Saturday, February 7, 2015


Bighorn maze, Three-Rivers Petroglyph Site, New Mexico.
Photograph: December 1988, Jack and Esther Faris.

This intriguing petroglyph is from the great Three Rivers Petroglyph Site in New Mexico. More than 21,000 glyphs of birds, humans, animals, fish, insects and plants, as well as numerous geometric and abstract designs are scattered over 50 acres of New Mexico's northern Chihuahuan Desert. The petroglyphs at Three Rivers, dating back to between about 900 and 1400 AD, were created by Jornada Mogollon people.

It shows a complicated design of desert bighorn sheep heads at the ends of lines. These are often referred to in the literature as Bighorn staffs (like a walking stick). One problem with the identification as staffs is that the lines are not straight; after extending a short distance below the bighorn head they bend off at an extreme angle, even shooting straight up. Also, as far as I can tell, Mogollon artifacts recovered to date do not include bighorn-sheep-headed staffs (although I do not pretend to have a comprehensive knowledge of Mogollon collections on museum shelves). So they are probably not staffs. This design has also been referred to as a bighorn maze which might make a little more sense, but, of course, we have no real idea as to its intention. No-one can seemingly come up with a suggestion as to why they felt the need to create a maze with bighorn sheep heads on it – other than the catchall “for ritualistic purposes” which we all too often fall back on when we don’t really have an idea at all.

Mimbres bowl, cover photo from Brody, J. J., Catherine J. Scott,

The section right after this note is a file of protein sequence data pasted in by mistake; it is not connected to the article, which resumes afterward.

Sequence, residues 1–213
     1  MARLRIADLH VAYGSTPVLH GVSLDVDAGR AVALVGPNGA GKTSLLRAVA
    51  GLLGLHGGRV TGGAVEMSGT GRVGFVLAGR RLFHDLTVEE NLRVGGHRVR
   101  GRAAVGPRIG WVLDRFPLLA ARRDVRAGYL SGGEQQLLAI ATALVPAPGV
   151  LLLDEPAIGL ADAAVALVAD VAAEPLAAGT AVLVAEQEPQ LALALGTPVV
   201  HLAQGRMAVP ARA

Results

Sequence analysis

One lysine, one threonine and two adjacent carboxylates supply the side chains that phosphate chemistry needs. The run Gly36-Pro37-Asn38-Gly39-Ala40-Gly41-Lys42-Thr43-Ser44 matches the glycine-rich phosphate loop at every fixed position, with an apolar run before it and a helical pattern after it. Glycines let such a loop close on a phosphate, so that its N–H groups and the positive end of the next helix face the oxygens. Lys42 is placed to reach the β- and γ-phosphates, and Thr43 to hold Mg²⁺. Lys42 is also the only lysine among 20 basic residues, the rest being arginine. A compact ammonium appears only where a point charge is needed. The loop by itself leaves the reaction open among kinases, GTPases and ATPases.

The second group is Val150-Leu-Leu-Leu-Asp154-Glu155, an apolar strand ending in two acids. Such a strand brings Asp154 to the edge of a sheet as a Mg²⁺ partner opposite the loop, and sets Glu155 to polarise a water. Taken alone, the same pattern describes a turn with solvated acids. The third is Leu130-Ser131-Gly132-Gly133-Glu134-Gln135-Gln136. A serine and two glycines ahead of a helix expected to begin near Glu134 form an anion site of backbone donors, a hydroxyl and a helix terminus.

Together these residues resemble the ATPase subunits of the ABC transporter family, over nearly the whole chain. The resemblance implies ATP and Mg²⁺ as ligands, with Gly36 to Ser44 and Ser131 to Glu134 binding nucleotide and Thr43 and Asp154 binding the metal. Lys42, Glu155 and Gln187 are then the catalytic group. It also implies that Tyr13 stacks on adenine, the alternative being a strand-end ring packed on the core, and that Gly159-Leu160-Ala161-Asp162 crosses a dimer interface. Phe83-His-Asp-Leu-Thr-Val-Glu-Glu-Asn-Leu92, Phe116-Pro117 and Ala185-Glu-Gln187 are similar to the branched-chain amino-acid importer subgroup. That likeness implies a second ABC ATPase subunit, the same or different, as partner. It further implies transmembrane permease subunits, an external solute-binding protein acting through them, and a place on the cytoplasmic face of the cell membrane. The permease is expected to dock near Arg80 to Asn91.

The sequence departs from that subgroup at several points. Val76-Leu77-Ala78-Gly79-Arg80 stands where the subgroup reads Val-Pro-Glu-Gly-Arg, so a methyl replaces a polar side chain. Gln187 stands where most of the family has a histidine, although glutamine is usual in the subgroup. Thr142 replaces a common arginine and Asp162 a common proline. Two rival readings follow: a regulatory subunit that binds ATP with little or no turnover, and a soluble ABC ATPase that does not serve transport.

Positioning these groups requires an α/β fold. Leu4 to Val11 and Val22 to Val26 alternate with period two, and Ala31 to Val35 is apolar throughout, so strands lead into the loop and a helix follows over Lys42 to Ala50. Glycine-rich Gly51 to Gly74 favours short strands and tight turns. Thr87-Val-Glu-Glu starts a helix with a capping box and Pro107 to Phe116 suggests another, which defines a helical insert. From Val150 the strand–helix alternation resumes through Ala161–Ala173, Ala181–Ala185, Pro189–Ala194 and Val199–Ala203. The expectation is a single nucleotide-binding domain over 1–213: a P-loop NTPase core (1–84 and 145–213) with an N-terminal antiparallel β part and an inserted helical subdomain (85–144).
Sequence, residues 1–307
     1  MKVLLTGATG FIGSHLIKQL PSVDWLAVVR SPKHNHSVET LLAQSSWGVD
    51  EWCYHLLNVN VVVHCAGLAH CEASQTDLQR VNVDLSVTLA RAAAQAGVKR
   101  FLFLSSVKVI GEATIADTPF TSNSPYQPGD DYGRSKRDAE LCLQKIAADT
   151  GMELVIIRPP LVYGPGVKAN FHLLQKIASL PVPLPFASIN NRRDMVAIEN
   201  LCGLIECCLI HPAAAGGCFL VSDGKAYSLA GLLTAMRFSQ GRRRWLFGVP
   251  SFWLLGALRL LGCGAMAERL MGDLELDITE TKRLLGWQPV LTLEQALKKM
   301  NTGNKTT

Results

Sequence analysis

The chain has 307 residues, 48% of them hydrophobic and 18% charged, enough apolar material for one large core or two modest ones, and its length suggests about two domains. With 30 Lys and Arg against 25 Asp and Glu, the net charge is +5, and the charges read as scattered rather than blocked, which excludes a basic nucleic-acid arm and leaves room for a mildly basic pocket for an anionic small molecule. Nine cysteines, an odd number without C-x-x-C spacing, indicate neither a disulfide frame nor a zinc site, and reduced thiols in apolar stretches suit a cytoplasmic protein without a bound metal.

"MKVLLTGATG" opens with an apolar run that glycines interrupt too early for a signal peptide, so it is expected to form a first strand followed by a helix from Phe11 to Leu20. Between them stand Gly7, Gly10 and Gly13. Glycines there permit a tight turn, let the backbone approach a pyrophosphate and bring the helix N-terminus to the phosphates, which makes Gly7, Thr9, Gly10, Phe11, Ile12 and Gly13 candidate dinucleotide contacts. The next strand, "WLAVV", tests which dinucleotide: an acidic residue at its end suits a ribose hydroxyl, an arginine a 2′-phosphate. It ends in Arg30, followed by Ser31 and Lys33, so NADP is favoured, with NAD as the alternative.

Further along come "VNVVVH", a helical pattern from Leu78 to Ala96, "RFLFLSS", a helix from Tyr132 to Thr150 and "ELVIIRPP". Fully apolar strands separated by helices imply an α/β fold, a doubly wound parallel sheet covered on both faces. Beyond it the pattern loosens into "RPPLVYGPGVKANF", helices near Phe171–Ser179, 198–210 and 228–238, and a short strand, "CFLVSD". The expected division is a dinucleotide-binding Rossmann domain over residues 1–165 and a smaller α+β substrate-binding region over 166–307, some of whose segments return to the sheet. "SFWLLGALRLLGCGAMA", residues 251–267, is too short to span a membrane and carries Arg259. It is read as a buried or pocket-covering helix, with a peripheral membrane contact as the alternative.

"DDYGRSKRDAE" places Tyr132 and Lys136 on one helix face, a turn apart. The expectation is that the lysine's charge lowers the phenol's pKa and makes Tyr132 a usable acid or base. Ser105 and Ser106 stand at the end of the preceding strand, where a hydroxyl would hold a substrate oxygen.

and Steven A. LeBlanc,1983, Mimbres Pottery: Ancient Art of the
American Southwest, Hudson Hills Press, New York. 

My fascination with this design is partly founded in its resemblance to the design on a classic Mimbres pottery bowl from the Mattocks site, now in the Maxwell Museum of Anthropology, The University of New Mexico, Albuquerque. The bowl measures H. 4 ⅛ in. (10.5 cm), diam. 9 ¼ in. (23.5 cm). (Brody et al. 1983:15) Mimbres pottery dates from a period of about six hundred years (AD 550 – 1150). “ Gila River  Rio Grande Valley and it western tributaries in southwest New Mexico. Differentiation between the Mimbres branch and other areas of the Mogollon culture area is most apparent during the Three Circle (AD 825-1000 roughly) and Classic Mimbres (AD 1000-1150) phases, when architectural construction and black and white painted pottery assume locally distinctive forms and styles” (Wikipedia). The design on this bowl has two mountain sheep heads on the ends of lines, which take off at angles much like the design of the petroglyph. I find the resemblance striking.

General Mogollon culture area. Three Rivers Petroglyph
Site is the star at the upper right, and the bowl came
from roughly the location of the star on the left.

So, is there any real connection, or just a coincidence? Mimbres pottery was produced within a portion of the Mogollon cultural area so geographically we can say they may be connected. Thematically they are obviously similar. The dates of Classic Mimbres pottery (AD 1000 – 1150) fall easily within the span of the production of petroglyphs at Three Rivers. Although I still have to admit that I do not know the significance of the design of the bighorn sheep head on the end of lines like this I do think that both the Mimbres bowl in question, and the petroglyph at Three Rivers, may well have some motivation in common, perhaps they refer to a commonly held belief, or a material item generally recognized throughout the Mogollon territory, so yes, I say they are certainly connected - at least in my mind. What do you think?


Brody, J. J., Catherine J. Scott, and Steven A. LeBlanc
1983    Mimbres Pottery: Ancient Art of the American Southwest, Hudson Hills Press, New York.


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